DES MOINES, Iowa — It's a long journey for the vaccine to get from the manufacturer to your arm, and it includes going through federal, state, and even county government agencies.
So from top to bottom, here's how it works:
The federal government has contracted with the vaccine companies Moderna and Pfizer to provide doses to he American public.
Those doses are distributed by population need to each particular state.
Then, states determine how many vaccines each county gets. At that point, it's up to each county to prioritize who gets the vaccine first.
As we've seen in Iowa, the rollout isn't the same county-to-county. For example, dentists and hygienists in Warren County were able to receive the vaccine in the last week of December, but in Polk and Linn County, those healthcare workers aren't eligible to sign up until the second full week of January.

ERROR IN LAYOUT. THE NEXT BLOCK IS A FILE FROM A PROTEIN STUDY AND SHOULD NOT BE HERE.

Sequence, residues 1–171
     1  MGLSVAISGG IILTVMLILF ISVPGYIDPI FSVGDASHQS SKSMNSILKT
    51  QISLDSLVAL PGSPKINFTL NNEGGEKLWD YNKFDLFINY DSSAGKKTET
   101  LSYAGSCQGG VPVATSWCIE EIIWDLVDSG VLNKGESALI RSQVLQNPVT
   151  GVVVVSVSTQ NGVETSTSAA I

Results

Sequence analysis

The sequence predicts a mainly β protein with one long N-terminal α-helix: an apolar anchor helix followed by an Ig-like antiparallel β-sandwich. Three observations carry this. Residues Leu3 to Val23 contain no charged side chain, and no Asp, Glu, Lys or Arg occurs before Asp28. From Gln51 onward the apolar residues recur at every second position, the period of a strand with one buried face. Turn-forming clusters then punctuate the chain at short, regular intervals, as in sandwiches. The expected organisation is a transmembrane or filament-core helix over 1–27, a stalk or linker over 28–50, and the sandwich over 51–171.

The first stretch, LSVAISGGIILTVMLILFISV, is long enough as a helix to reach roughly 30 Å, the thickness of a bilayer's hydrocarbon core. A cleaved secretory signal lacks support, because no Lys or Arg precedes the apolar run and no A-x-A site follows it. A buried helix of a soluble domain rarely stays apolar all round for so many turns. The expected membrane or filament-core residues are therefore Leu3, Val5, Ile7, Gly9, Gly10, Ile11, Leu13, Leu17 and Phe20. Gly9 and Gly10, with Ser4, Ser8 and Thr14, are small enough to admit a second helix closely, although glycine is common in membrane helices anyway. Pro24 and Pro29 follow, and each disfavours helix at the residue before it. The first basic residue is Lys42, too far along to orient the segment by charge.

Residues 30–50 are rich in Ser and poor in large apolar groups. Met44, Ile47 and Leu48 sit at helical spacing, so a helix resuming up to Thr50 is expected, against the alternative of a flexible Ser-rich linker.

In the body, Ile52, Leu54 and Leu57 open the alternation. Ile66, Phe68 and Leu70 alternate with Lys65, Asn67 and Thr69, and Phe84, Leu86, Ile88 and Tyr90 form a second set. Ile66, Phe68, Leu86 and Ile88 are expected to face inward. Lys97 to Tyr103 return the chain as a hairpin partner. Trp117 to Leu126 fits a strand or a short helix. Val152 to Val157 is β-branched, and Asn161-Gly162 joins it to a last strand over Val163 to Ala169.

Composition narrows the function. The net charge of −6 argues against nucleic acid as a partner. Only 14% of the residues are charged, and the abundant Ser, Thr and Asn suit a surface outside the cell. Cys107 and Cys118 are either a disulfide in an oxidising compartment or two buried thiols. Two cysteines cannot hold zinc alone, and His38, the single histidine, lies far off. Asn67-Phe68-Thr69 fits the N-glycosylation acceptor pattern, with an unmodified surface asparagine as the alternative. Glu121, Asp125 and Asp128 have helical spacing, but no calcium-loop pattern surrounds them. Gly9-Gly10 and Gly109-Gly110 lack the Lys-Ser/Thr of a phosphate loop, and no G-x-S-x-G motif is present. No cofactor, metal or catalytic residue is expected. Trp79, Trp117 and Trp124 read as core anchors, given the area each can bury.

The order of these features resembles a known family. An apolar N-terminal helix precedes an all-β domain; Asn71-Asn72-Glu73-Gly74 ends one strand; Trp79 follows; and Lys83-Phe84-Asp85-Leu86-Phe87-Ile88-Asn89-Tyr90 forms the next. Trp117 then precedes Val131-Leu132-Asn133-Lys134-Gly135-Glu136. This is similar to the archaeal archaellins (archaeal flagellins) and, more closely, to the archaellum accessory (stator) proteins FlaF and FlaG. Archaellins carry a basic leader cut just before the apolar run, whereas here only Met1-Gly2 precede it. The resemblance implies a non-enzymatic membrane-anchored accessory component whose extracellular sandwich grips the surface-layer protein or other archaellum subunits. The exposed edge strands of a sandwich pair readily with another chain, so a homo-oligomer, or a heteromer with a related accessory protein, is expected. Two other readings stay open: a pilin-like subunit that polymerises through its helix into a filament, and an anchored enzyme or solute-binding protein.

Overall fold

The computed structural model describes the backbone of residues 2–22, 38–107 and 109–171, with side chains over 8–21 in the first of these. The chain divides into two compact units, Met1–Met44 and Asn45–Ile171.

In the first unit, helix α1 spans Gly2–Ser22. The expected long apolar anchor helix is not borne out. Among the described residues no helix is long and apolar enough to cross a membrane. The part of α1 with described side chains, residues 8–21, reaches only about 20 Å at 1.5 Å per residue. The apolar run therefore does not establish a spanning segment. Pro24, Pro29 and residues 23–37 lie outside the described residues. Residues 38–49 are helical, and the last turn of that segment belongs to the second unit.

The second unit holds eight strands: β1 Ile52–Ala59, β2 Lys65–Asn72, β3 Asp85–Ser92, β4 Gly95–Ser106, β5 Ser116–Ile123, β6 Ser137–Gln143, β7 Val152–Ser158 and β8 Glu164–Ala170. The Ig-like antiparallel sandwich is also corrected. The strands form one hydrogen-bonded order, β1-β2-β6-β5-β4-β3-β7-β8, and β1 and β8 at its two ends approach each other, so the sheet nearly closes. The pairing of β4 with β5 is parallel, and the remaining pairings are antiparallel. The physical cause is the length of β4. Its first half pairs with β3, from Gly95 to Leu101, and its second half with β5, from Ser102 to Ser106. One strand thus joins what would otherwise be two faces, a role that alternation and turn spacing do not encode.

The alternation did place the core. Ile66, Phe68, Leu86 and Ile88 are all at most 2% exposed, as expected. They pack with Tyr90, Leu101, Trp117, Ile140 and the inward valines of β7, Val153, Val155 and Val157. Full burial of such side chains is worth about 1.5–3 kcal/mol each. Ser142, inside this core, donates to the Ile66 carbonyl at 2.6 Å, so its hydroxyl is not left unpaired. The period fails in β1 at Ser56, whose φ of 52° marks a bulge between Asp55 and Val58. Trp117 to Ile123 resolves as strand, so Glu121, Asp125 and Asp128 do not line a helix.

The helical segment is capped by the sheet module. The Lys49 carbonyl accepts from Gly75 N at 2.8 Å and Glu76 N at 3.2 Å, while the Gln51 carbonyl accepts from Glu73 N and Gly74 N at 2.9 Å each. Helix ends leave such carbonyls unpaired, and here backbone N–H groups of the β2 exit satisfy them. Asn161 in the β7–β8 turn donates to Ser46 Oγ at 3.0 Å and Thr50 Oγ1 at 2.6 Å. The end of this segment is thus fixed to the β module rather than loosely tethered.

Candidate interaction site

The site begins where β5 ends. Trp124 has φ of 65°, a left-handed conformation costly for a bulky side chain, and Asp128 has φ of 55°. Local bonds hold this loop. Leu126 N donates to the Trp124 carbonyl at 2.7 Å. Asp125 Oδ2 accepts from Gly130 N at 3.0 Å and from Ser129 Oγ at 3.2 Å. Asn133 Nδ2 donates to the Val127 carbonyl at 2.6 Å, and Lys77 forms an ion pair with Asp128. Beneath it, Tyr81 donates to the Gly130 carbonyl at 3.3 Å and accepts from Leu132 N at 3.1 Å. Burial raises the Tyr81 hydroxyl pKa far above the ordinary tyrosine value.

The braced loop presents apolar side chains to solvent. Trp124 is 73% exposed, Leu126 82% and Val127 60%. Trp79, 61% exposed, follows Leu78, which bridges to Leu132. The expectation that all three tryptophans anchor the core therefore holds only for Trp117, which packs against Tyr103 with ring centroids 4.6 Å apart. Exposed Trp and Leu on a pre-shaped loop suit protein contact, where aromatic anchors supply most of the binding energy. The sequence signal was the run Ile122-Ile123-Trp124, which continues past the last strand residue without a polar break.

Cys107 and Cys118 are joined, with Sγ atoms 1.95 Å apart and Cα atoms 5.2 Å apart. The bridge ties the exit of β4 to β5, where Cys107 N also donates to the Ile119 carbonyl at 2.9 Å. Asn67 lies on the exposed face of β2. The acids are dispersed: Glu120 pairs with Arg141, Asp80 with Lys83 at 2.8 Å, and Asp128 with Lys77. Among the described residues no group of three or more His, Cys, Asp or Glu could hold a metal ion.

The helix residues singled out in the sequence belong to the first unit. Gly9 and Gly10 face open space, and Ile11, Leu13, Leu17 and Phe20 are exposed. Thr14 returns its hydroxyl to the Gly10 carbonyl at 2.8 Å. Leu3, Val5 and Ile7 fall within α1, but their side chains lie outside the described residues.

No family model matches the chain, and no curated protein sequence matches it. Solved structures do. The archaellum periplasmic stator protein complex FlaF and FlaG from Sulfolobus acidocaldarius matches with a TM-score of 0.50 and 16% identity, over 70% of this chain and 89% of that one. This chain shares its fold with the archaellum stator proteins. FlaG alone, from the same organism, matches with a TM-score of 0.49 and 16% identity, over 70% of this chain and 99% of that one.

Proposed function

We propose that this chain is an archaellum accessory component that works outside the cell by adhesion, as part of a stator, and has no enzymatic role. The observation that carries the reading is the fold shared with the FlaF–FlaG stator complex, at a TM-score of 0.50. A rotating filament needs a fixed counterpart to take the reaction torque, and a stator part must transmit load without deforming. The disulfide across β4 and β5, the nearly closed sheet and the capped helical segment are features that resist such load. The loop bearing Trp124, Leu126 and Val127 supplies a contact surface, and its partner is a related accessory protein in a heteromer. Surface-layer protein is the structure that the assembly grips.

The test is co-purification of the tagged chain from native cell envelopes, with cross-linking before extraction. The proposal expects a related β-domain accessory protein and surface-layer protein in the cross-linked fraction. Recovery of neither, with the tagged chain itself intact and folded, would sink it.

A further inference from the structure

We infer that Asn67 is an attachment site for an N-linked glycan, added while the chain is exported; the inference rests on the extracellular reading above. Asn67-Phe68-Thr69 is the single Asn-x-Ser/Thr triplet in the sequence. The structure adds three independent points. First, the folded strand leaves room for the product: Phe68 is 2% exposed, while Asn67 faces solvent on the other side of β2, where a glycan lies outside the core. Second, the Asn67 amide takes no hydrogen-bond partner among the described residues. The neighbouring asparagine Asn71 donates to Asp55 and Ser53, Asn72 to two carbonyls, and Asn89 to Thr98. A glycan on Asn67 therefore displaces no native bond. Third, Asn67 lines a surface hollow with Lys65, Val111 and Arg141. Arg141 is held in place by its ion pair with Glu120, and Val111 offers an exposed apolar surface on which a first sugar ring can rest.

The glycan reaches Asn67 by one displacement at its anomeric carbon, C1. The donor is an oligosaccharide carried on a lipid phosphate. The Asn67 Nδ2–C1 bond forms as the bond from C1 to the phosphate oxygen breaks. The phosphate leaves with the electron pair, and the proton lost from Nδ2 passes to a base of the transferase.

Local public health departments have a lot of power in administering the vaccine; they're also the ones in charge of messaing and notifying people when they're eligible to get the vaccine.
For now, only health care workers and residents and staff at long-term care facilities are eligible to get the vaccine. If there are leftover doses after those folks have been vaccinated, local public health leaders are in charge of sharing it with others, and they should be telling the state that they have extra doses.
A local public health care worker tells our team they're behind in vaccinated everyone in the first group, and it could be until the summer or even late this year until the public is eligible to get the vaccine.